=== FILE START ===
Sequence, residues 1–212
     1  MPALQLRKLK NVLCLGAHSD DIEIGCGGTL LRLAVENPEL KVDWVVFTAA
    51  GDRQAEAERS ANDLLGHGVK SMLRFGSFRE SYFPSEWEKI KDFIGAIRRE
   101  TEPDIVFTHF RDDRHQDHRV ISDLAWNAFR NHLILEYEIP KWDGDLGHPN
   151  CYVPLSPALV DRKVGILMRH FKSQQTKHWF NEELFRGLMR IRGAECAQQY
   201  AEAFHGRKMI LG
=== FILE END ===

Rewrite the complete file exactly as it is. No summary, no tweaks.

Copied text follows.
Sequence, residues 1–212
     1  MPALQLRKLK NVLCLGAHSD DIEIGCGGTL LRLAVENPEL KVDWVVFTAA
    51  GDRQAEAERS ANDLLGHGVK SMLRFGSFRE SYFPSEWEKI KDFIGAIRRE
   101  TEPDIVFTHF RDDRHQDHRV ISDLAWNAFR NHLILEYEIP KWDGDLGHPN
   151  CYVPLSPALV DRKVGILMRH FKSQQTKHWF NEELFRGLMR IRGAECAQQY
   201  AEAFHGRKMI LG